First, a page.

Similar platitudes are offered up as “11 Minutes” struggles to reach a conclusion by focusing on survivors who bonded together through trauma and heroes reconnecting with the people whose lives they saved. Perhaps some will be inspired by an off-duty cop who refused to leave a country music fan behind, or a Las Vegas detective who saved a fellow officer’s life after he was shot on his first day of service. But those stories have already been told elsewhere, and they pale in comparison to the absolute horrors dominating the rest of the docuseries.
“11 Minutes” attempts to leave audiences with a constructive takeaway. Zimbalist pointedly refuses to mention the shooter’s name, including experts’ explanations that doing so only motivates further attention-seeking murderers to rack up higher and higher body counts. There’s also an admirable follow-through with most of the interviewed victims, as we see them gathering to talk, remember, and heal. Yet the docuseries isn’t focused enough to provide a definitive impression beyond fear. “Just imagine this could happen to you,” one of the victim’s parents says. “What do you want to do about it?” — a question to which “11 Minutes” offers no guidance.
Storme Warren in “11 Minutes”
Courtesy of Paramount+
Warren, for his part, tries to find the silver lining. “I’m not looking at what this guy did,” he says. “I’m looking at what the hundreds of heroes did that night — people risking their lives for other people.” For Warren, that is good — a valuable mentality for the visibly affected survivor to try to build from as he moves forward with a life he’s clearly grateful to live. Other subjects feel the same way, often buoyed by the men and women who worked to save them, but any faith in our fellow man is overrun by two key aspects of the docuseries: First, there’s the overwhelming depiction of the shooter’s devastating actions. “11 Minutes” is painful to experience, and purposefully so. No one will want to find themselves in a similar situation as what happened in Vegas, and with a stronger framework, such fear-mongering could have stirred viewers toward solution-based thinking. Even now, there’s a chance some walk away feeling more compassionate than panic-stricken… unless they remember one brief snippet from an earlier episode.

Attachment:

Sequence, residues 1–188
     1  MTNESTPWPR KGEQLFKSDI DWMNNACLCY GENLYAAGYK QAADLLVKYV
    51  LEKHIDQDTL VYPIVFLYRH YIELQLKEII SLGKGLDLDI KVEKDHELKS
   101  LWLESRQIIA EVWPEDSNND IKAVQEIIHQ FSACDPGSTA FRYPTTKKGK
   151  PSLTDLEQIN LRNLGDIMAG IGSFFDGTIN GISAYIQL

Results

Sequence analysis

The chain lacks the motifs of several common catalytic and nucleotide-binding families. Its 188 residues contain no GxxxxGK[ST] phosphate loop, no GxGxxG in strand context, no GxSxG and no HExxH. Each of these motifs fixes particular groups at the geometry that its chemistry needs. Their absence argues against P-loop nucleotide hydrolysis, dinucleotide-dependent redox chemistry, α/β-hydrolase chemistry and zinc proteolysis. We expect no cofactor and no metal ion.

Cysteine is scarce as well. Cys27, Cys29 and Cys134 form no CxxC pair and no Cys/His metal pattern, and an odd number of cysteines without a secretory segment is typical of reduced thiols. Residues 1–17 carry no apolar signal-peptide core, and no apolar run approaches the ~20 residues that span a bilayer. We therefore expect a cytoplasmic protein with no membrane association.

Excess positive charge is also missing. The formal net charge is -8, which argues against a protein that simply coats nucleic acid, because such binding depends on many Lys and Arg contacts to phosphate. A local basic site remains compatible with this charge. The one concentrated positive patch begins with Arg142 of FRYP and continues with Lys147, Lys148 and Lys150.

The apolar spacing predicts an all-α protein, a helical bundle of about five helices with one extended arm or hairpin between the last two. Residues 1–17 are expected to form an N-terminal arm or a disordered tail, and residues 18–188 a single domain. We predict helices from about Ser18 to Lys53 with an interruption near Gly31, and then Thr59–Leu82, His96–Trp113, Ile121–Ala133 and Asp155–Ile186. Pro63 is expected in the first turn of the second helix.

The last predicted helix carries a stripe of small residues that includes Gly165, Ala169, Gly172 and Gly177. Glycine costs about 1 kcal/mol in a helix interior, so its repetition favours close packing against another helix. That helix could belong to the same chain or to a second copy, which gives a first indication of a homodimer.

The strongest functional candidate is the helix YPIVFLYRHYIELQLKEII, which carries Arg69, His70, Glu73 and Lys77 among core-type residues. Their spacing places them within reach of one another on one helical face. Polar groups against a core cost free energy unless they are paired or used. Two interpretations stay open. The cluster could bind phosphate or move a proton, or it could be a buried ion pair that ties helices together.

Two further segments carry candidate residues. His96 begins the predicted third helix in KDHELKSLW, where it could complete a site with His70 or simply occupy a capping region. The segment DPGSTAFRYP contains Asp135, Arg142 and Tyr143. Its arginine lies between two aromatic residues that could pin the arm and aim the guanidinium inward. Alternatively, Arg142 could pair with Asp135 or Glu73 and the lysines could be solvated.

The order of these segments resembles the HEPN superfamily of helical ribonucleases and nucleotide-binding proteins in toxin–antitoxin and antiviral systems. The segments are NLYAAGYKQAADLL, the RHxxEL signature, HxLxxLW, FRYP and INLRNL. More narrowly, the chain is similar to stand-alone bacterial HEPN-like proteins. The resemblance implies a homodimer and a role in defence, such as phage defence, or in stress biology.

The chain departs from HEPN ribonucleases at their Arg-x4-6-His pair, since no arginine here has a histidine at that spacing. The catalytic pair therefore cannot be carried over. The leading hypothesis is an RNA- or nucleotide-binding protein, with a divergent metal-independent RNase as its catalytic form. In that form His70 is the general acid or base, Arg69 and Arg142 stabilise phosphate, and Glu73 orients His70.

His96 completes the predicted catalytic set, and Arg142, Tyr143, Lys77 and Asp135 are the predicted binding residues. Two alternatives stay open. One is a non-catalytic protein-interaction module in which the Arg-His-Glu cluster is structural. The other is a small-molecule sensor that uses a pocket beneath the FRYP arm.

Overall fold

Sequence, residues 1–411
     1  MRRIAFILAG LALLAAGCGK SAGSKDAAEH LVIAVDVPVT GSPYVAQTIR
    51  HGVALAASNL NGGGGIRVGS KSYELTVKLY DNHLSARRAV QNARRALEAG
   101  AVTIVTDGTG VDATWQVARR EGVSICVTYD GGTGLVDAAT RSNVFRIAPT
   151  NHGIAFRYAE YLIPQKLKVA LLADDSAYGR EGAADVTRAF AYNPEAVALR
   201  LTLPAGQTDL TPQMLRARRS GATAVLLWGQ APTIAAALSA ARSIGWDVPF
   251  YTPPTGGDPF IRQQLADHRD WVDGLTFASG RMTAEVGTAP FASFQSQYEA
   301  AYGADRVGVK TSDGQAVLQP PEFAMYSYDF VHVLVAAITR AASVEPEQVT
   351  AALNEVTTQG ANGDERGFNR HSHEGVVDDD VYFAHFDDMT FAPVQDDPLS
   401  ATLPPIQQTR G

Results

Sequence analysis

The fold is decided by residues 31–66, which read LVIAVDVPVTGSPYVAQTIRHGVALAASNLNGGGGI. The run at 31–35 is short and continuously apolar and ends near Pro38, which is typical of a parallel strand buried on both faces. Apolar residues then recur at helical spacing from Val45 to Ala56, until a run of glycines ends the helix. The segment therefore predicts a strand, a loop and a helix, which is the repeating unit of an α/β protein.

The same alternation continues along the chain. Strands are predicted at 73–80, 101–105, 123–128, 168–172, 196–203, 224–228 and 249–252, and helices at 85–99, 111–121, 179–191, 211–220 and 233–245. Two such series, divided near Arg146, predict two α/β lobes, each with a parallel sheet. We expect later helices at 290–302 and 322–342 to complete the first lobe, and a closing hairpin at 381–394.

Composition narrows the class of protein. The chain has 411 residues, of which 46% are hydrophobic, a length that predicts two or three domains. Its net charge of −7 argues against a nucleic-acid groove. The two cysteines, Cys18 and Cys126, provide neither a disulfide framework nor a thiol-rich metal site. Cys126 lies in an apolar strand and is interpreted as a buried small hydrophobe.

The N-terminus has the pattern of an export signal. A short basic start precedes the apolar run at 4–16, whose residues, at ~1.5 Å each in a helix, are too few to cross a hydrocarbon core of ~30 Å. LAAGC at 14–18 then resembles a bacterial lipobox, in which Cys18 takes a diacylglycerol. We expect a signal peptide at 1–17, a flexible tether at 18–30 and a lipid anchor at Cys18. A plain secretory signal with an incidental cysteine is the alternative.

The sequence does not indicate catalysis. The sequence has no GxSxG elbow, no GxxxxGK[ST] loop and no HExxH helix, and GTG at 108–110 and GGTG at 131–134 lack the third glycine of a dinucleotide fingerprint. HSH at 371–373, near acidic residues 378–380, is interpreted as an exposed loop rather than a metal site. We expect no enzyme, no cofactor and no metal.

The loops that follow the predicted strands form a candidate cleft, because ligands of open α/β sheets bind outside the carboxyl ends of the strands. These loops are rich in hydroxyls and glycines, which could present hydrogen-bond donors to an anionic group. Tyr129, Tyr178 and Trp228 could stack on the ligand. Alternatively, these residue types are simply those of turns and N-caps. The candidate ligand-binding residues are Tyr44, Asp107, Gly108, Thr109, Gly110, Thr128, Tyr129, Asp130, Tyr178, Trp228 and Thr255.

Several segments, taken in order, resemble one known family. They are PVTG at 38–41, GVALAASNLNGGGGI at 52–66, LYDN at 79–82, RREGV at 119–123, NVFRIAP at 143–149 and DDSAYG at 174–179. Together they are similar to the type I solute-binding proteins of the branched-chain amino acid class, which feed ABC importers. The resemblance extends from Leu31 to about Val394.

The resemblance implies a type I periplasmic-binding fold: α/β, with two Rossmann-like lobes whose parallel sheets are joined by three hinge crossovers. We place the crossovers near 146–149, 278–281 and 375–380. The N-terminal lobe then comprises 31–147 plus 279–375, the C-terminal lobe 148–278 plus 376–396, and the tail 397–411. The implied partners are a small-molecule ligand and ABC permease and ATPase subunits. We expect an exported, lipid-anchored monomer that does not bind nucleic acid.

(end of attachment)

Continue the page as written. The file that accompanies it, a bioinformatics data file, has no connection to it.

As Jonathan Smith, a Black country fan from South Central L.A., describes the immediate aftermath of getting shot, he remembers walking up to a car and begging the driver to take him to a hospital. Rather than do the bare minimum and help, the couple inside “rolled up their windows and left,” he says. Looking right at a man with a bullet wound in his neck — a man who, earlier in the episode, had described overt discrimination from white crowd members, after already feeling ostracized from a predominantly white country fanbase — these people ignored him and fled.
For all the heroes properly distinguished, “11 Minutes” accidentally acknowledges the many villains hiding in plain sight. It’s so determined to tell a politically neutral version of events, it loses any discernible conviction. There’s no anger here, nor measured intent. You can glean whatever lessons you want, and it’s hard to imagine any taking the form of “something good.”
“11 Minutes” premiered Tuesday, September 27 on Paramount+.